“Overall, the whole camp, it’s probably one of the best development camps that I can remember as a whole. The talent level, the compete level, the skill level was really, really high.”
That was Mike Donnelly, a veteran of the LA Kings player development department, who spoke for close to 15 minutes after the end of 2022 Kings Development Camp. Donnelly, a Kings alum, is primarily responsible for working with the organization’s forward prospects, along with Jarret Stoll, while the duo of Matt Greene and Sean O’Donnell work with the defensemen and Matt Millar and Adam Brown focus on the goaltenders.
Donnelly, for sure though, has seen a ton of these camps over the years – even he forgot how long he’s been here, with a laugh – but he felt this week was one of the best he’s been a part of, something he said above and reinforced later in the interview.
Development Camp is primarily thought of as a week for prospects within the organization, but at the same time, it goes the other way too. It’s an important week for the player development staff here to get to know the players, evaluate their strengths and identify their weaknesses. Donnelly emphasized that yesterday.
“Some of these kids we hadn’t seen play, so it’s a really good week for us to figure out what they need to work on, besides just the general skill things that we believe are important to play in the NHL and win in the NHL, we have to teach just basic fundamentals,” he said. “It’s stickhandling, passing and it’s almost like we have to retool these kids. We try to show them how to train the right way so they can get better. When they go to practice, if you have bad habits and you’re doing things wrong, we as an organization have to correct them. You don’t have time, once you’re a pro hockey player, to start working on [those things].”
This week’s group featured an extremely wide variety of different ages, skillsets and experience levels. Angus Booth was drafted a week ago today. Tobias Bjornfot has more than 100 games played in the NHL. Taylor Ward is 24, coming off of a collegiate career. Kaleb Lawrence has only played in two games over the last two years due to a combination of injury and COVID. That’s a wide variety of different players to deal with.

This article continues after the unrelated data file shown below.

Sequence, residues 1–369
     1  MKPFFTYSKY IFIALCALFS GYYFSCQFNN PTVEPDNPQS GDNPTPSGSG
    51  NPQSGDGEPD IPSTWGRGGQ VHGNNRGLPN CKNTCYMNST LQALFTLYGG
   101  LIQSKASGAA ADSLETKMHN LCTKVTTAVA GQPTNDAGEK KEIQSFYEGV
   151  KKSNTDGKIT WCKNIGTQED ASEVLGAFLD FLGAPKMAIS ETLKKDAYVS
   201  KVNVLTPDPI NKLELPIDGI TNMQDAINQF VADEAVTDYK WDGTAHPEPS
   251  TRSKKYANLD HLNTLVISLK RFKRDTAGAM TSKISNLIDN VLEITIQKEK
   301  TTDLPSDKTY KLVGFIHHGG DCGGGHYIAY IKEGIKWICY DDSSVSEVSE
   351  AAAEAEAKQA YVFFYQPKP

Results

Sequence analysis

Donnelly talked about the differences in strength and familiarity with players on one end of the scale versus the other, but at the same time, he knows it’s not his job to evaluate players from the standpoint of in-game performance. He’s here to take stock differently and has sorted out how to do that over the years.
“The first thing I notice right away is a strength difference, but my job is to treat them all [the same], I can’t look at it that way,” he said. “I do have to evaluate, but I evaluate them with a different rating than a coach would or an organization would. I have to see, fundamentally, is he okay. Does a puck blow up when he catches a pass, what am I going to have to work with him on and what do I have to tell him to work on when he goes back. I think that’s what I’m looking at, but it’s a tough evaluation. You see, it’s harder for the young kids when they come to their first development camp.”
What’s perhaps most interesting about a development camp, in Donnelly’s mind, is how fundamental it actually is.
You don’t necessarily think about that when you’re talking about players drafted to the NHL. From an outside perspective, you almost think of that type of stuff as being beneath players of this level. But, for Donnelly and his team, the fundamentals are important during a week like this. Certain things are what the group has been doing for years now, the bread and butter. Others have been changed or implemented over the years, as the game has grown and evolved.
“A lot of these things are basic fundamentals that if you want to be a pro, you have to be able to do these things,” Donnelly said. “I think these kids, with how much we emphasize it, we teach and they’re big believers. We show them before we go on the ice, this is what we’re doing today, this one skill, and you have to master this.”